Activating Specific Brain Cells Points to New Strategies for Parkinson’s Therapy

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Author
Parkinson's Foundation

All Science News articles summarize a research study and are not an official opinion, endorsement or position of the Parkinson’s Foundation’s.

In experiments with mice, scientists were able to activate certain brain cells to ease movement symptoms similar to those of Parkinson’s disease (PD). The results may help explain the effects of deep brain stimulation (DBS) surgery on Parkinson’s symptoms, and may pave the way to developing longer-lasting therapies. The study appears in the May 8 online edition of Nature Neuroscience.

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Science News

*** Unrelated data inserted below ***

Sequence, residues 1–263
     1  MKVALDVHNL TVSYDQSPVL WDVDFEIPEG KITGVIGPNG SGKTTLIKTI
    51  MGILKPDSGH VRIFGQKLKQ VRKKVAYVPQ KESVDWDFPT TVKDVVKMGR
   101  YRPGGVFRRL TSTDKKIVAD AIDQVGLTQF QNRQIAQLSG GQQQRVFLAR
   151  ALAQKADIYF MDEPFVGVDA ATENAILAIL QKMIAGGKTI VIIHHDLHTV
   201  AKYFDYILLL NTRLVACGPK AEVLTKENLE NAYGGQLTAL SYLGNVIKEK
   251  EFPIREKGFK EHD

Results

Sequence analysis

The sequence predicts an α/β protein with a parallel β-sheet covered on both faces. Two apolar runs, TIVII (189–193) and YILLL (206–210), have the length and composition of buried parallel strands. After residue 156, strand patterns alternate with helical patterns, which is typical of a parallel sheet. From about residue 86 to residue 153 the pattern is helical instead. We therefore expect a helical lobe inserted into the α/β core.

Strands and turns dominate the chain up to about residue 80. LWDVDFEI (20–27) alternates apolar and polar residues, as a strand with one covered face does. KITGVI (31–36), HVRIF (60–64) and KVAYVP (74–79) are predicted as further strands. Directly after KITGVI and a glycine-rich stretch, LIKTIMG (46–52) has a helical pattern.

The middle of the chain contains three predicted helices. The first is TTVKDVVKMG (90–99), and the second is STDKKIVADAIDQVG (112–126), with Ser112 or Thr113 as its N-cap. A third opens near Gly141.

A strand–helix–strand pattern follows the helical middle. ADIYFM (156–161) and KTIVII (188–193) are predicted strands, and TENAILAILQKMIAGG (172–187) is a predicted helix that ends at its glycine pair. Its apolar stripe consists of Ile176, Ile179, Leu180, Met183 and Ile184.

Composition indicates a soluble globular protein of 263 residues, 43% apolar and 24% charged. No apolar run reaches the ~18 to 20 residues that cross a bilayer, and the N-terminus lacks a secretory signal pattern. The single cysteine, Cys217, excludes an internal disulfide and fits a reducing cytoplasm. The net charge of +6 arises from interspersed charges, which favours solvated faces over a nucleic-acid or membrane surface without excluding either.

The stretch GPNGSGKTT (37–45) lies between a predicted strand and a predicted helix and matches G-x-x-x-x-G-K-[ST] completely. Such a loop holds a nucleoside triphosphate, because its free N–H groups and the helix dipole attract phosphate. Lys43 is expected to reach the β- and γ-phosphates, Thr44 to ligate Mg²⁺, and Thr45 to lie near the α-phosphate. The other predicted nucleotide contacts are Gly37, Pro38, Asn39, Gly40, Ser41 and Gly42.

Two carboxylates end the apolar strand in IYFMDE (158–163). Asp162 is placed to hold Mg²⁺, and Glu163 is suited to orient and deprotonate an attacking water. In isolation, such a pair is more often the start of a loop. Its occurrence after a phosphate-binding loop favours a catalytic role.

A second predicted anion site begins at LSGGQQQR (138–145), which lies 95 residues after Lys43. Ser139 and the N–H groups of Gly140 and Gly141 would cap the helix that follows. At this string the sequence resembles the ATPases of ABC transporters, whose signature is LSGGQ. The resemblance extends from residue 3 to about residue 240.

What's Hot in PD? Is DBS Plus a Viable Future Treatment for Parkinson’s Disease?

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Author
Dr. Michael S. Okun

Over the past two decades, deep brain stimulation (DBS) therapy for patients with Parkinson’s disease (PD) has been extremely successful. It has been estimated that DBS has meaningfully helped tens of thousands of patients worldwide, improving tremor, dyskinesia, “on-off” fluctuations and several other Parkinson’s symptoms. DBS has however, fallen short in addressing disease progression issues including walking, talking and thinking.

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What's Hot in PD?

Parkinson’s-Linked Genetic Mutations More Common With Deep Brain Stimulation

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Author
Parkinson's Foundation

Among people with young-onset Parkinson’s disease (PD), a new study finds that those who underwent deep brain stimulation (DBS) surgery were more likely to have a PD-linked genetic mutation than those who did not get DBS. The research represents a step forward in understanding how genetic mutations impact the symptoms and progression of PD, and, in turn, the benefits of DBS. The results appear in the September/October issue of Movement Disorders Clinical Practice.

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Science News